Even in Cambridge, every tenant protection proposed, such as a right of first refusal, condo conversion fee or relocation assistance ordinance, has been beaten back by small-scale property owners or put off by resistance from city staff; councillor Sumbul Siddiqui is set to lead a mayor’s blue-ribbon committee launching in January to find tenant protections for the council to adopt.
“It’s not a matter of let’s do this and then we’ll do tenant protections later. If we don’t get the tenant protections now, we will not get them for a long time to come,” Zondervan said.
Ultimately, he argued that it was pointless to re-create the Legislature’s debate in council chambers – and he pointed out several times Connolly’s bedrock rejection of a Baker bill that didn’t come with action on tenant protections. Though Zondervan has worked with Connolly as far back as co-writing Cambridge’s net zero emissions zoning in 2013, his certainty in this case had an even more obvious source: Connolly had just hours earlier made clear how unlikely a change of mind would be in a 3,370-word blog post referring to the bill as having “Inherent Inequity.”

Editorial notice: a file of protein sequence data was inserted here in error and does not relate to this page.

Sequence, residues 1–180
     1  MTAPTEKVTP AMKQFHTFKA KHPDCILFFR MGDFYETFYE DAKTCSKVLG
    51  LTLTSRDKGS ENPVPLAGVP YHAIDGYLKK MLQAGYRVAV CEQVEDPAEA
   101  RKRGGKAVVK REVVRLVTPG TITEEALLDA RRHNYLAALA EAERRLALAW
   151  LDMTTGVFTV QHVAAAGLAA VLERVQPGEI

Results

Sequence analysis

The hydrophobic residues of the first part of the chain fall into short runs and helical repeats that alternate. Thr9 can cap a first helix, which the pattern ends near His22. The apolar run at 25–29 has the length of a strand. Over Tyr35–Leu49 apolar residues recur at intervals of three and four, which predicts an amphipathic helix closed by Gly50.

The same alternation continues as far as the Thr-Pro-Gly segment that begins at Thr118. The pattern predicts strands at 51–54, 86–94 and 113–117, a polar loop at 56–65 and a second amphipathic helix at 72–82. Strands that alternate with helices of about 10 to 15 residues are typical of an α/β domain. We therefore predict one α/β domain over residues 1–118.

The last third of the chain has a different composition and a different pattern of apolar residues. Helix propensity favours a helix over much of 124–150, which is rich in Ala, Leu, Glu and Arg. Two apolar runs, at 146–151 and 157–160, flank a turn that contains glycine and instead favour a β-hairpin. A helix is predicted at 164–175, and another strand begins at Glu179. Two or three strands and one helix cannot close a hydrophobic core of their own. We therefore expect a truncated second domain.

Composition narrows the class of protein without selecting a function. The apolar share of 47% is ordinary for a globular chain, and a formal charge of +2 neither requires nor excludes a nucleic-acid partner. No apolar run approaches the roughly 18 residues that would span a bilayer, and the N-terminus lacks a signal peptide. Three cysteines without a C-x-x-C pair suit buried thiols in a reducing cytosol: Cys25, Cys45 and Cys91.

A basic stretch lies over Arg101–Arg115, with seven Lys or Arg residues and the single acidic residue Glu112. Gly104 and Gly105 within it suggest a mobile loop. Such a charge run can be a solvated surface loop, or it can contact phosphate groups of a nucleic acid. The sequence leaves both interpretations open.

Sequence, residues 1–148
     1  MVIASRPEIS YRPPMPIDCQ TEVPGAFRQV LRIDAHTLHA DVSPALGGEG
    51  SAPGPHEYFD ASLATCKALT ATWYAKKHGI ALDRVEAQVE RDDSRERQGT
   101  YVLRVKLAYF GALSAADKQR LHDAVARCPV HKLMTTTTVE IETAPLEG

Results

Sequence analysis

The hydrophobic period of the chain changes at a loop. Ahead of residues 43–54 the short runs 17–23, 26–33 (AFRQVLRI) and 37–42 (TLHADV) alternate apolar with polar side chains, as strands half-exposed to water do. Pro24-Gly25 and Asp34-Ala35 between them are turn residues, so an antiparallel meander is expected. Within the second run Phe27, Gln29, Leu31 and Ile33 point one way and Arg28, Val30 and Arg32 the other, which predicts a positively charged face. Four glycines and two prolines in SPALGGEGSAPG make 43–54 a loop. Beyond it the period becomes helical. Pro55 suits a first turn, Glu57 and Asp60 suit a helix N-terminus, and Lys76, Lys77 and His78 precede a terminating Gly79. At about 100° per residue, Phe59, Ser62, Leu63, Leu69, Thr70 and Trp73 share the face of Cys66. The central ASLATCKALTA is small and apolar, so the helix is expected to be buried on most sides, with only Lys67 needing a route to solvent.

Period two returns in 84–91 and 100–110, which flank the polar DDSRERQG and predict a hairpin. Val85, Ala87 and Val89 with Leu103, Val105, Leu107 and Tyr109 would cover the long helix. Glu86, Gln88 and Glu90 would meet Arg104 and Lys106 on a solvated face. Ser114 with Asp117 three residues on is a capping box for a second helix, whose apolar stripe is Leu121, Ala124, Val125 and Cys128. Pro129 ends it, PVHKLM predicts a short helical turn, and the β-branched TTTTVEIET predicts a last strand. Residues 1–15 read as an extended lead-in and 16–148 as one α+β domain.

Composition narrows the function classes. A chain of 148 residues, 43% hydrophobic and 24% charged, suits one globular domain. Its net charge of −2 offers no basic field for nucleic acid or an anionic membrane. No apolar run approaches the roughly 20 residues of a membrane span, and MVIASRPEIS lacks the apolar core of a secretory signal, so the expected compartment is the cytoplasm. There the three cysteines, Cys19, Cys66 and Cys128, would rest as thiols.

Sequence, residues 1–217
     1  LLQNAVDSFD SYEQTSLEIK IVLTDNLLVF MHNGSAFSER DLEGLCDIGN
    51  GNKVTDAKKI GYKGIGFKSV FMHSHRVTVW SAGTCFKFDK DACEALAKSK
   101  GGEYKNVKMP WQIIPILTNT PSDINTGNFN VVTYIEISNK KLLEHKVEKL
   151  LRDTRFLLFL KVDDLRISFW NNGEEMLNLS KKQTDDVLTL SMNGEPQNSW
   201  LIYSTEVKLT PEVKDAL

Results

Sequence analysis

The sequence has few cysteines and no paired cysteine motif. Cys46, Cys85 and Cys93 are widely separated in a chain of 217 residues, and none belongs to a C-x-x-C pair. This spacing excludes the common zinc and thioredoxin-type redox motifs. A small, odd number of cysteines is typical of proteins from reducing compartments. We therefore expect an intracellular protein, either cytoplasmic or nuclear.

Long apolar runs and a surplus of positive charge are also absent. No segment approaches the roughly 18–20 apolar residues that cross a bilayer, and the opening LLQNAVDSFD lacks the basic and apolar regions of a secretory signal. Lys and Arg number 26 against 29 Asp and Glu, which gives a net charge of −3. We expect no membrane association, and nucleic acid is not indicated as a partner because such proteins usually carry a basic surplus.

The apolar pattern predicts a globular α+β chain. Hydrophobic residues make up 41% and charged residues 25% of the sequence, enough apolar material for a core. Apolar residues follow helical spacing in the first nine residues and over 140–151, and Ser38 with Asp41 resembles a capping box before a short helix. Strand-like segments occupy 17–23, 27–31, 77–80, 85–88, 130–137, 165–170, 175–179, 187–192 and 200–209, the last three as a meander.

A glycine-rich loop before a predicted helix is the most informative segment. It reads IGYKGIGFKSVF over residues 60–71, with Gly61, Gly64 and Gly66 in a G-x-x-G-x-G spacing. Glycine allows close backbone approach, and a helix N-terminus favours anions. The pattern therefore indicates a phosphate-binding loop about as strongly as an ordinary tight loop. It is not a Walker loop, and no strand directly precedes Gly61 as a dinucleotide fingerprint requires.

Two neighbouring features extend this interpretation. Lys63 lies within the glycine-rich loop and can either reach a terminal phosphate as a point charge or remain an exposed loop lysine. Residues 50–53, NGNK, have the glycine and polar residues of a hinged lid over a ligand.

“We could debate this all night, but the fact of the matter is that he’s not going to withdraw his objection,” Zondervan said of Connolly.
In the final council vote, Simmons, McGovern, Mallon and Toomey were in favor of the order and bill; Zondervan, Siddiqui, Dennis Carlone and Craig Kelley were opposed. Jan Devereux was not at the meeting.
This post was updated Dec. 18, 2018, to describe some issues as being of concern or interest to state Rep. Mike Connolly, rather than being things he outright opposed.